The Australian Royal Commission into child sexual abuse has begun hearing testimony. The following story in the Victorian newspaper The Age reports on former Ballarat Bishop Peter Connors comments before the commission. Click on the headline to read the entire story.
The Catholic Church in Ballarat ‘effectively facilitated’ child sexual abuse by leaving known paedophiles in ministry and was ”unChristlike”, former Ballarat Bishop Peter Connors conceded on Monday. His predecessor, Bishop Ronald Mulkearns, made ”terrible errors” and showed ‘great naivety’ in moving paedophiles Gerald Ridsdale and Paul David Ryan from parish to parish despite knowing they were child abusers, Bishop Connors told the Victorian inquiry into how the churches handled child sexual abuse.” By Barney Zwartz, The Age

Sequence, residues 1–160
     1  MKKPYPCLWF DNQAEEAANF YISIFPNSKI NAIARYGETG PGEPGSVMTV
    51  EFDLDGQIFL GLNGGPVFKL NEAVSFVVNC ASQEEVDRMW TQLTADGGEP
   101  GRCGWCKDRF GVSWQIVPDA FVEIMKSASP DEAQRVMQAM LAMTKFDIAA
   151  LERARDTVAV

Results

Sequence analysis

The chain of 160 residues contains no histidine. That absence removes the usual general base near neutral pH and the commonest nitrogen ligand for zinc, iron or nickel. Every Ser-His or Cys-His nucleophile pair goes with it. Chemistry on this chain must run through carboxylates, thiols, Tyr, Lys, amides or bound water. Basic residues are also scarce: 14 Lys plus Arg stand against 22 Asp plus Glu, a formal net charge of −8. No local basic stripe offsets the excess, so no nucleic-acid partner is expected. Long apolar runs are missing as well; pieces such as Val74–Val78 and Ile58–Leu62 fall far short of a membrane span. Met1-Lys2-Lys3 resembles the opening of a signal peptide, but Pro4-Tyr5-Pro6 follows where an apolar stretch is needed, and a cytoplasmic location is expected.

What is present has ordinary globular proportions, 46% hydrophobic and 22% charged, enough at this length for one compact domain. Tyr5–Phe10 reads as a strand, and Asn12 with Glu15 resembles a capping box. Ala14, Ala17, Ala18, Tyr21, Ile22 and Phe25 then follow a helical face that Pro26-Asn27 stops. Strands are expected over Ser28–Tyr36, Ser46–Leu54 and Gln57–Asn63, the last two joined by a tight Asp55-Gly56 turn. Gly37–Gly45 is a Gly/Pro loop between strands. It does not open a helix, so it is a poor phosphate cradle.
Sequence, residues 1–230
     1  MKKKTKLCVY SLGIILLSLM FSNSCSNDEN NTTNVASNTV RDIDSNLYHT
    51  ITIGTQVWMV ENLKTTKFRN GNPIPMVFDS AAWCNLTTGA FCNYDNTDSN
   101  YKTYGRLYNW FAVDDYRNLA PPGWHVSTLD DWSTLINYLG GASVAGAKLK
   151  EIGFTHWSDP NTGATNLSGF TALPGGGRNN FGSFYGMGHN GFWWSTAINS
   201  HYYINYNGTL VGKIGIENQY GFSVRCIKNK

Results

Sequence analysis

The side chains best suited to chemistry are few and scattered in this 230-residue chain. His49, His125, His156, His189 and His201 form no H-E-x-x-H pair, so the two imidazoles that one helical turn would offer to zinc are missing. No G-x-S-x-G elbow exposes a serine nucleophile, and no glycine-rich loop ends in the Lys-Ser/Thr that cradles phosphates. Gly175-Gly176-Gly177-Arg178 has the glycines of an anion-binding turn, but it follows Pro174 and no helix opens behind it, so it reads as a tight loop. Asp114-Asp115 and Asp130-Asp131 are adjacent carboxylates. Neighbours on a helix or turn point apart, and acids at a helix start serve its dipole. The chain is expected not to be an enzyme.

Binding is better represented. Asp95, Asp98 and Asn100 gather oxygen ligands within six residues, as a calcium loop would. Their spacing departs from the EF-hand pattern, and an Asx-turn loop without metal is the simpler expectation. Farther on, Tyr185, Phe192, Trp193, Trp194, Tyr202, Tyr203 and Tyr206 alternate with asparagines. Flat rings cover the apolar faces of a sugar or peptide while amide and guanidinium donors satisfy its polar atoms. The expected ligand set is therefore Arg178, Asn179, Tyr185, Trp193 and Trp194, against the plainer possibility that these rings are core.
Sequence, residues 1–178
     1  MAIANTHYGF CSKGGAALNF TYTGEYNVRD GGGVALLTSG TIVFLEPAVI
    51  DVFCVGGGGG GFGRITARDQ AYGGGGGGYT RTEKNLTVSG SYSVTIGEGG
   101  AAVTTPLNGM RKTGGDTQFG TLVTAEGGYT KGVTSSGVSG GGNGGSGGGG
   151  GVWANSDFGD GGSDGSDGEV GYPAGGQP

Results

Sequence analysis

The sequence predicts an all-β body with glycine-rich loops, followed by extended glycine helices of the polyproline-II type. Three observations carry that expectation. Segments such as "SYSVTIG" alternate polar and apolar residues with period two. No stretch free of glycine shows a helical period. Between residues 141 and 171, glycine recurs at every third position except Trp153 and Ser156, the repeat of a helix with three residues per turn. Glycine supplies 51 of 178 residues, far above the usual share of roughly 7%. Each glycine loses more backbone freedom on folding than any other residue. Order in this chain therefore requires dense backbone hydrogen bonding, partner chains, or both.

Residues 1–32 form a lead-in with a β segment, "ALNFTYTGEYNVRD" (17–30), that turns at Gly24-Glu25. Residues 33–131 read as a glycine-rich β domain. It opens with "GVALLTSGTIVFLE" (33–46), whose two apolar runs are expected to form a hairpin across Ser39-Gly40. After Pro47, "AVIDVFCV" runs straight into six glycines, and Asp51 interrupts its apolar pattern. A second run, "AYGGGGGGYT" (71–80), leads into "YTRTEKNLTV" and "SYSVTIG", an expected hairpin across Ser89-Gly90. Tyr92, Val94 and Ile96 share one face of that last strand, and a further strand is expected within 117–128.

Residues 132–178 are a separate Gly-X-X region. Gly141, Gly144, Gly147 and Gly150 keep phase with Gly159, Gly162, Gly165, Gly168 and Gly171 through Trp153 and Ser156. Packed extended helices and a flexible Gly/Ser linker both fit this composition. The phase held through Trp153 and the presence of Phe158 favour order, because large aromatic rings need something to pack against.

Renewal of the Catholic Church in a “post-Catholic” Ireland depends on a homegrown effort by the laity to overcome clericalism and witness the Christian message in a secular society, Archbishop Diarmuid Martin of Dublin told a New York audience (at Fordham University).” By Beth Griffin, Catholic News Service
Read the entire article quoting Archbishop Martin, “Laity Key to Irish Church’s Renewal, Dublin Archbishop Says at Fordham,” by clicking here.